Edward Moran (1829-1901)


Born in Bolton, Lancashire, England in 1829, this pivotal marine impressionist emigrated to the United States at the age of 15 where he became a pupil of Philadelphia marine artist James Hamilton. With his younger artist brother, Thomas, he returned to England and studied at the Royal Academy and received additional instruction at the Paris Academy, which built a strong European influence in his work.

In 1871 he settled permanently in New York and began a successful career painting marines, landscapes and historical subjects. He became best known for his seascapes that showed a strong influence by Turner. A series he created of thirteen paintings of important epochs in American maritime history were widely exhibited and later were acquired by the New York Public Library, helping to establish Edward Moran as one of the most important marine artists of the period.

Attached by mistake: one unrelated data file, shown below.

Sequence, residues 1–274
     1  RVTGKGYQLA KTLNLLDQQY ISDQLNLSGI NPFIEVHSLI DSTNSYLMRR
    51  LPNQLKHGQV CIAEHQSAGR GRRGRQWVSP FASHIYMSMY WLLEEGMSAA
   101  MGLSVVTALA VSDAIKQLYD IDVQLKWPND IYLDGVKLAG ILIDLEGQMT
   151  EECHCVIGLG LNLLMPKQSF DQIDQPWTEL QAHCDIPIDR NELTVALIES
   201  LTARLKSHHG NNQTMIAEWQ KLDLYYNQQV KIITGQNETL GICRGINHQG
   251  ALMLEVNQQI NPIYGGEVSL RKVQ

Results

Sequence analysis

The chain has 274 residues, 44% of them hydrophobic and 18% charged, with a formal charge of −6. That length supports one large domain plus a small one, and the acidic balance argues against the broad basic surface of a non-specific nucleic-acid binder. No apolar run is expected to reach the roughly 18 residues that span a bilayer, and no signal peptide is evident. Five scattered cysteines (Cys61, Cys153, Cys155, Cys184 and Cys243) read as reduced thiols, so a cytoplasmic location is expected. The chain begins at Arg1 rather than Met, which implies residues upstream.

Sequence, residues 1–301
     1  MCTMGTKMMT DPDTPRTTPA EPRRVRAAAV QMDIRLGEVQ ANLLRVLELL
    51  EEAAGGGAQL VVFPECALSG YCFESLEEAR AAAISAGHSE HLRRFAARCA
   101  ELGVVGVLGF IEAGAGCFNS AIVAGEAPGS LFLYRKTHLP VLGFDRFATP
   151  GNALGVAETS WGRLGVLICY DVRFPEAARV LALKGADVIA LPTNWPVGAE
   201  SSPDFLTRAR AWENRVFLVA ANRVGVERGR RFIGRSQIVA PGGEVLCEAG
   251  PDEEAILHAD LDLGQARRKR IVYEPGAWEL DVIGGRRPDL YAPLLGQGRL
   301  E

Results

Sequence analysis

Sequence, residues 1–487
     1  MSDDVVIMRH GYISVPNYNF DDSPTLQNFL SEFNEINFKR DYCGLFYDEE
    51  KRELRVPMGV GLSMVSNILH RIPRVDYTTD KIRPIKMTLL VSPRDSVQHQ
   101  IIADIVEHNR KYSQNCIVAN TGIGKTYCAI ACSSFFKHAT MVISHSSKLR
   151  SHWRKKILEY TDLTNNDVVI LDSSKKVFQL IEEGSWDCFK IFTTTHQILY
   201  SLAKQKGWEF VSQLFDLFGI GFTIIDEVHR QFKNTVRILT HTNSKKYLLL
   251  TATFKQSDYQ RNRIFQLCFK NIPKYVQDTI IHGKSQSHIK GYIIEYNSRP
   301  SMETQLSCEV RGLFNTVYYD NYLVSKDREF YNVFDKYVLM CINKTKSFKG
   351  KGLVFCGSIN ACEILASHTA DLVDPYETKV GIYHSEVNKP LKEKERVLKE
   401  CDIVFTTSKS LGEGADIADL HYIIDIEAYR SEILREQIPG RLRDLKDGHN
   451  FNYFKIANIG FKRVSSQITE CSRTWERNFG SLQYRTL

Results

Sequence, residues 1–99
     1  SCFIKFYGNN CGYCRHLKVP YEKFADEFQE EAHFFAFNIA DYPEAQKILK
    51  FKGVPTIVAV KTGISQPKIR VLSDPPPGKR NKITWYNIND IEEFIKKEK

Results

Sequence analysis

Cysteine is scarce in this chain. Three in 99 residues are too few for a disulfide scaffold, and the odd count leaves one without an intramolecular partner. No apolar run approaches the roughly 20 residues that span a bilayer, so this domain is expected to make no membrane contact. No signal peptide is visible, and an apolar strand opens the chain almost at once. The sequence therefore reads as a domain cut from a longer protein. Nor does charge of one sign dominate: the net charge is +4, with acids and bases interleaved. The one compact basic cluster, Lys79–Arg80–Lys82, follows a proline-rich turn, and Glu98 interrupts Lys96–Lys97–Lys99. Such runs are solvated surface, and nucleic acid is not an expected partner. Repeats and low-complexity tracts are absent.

Moran's marine paintings are dramatically conceived, with brilliant sunsets, vibrant blue green seas and glowing background color. Many of his works feature New York harbor where he spent most of his active career and where he died in 1901.

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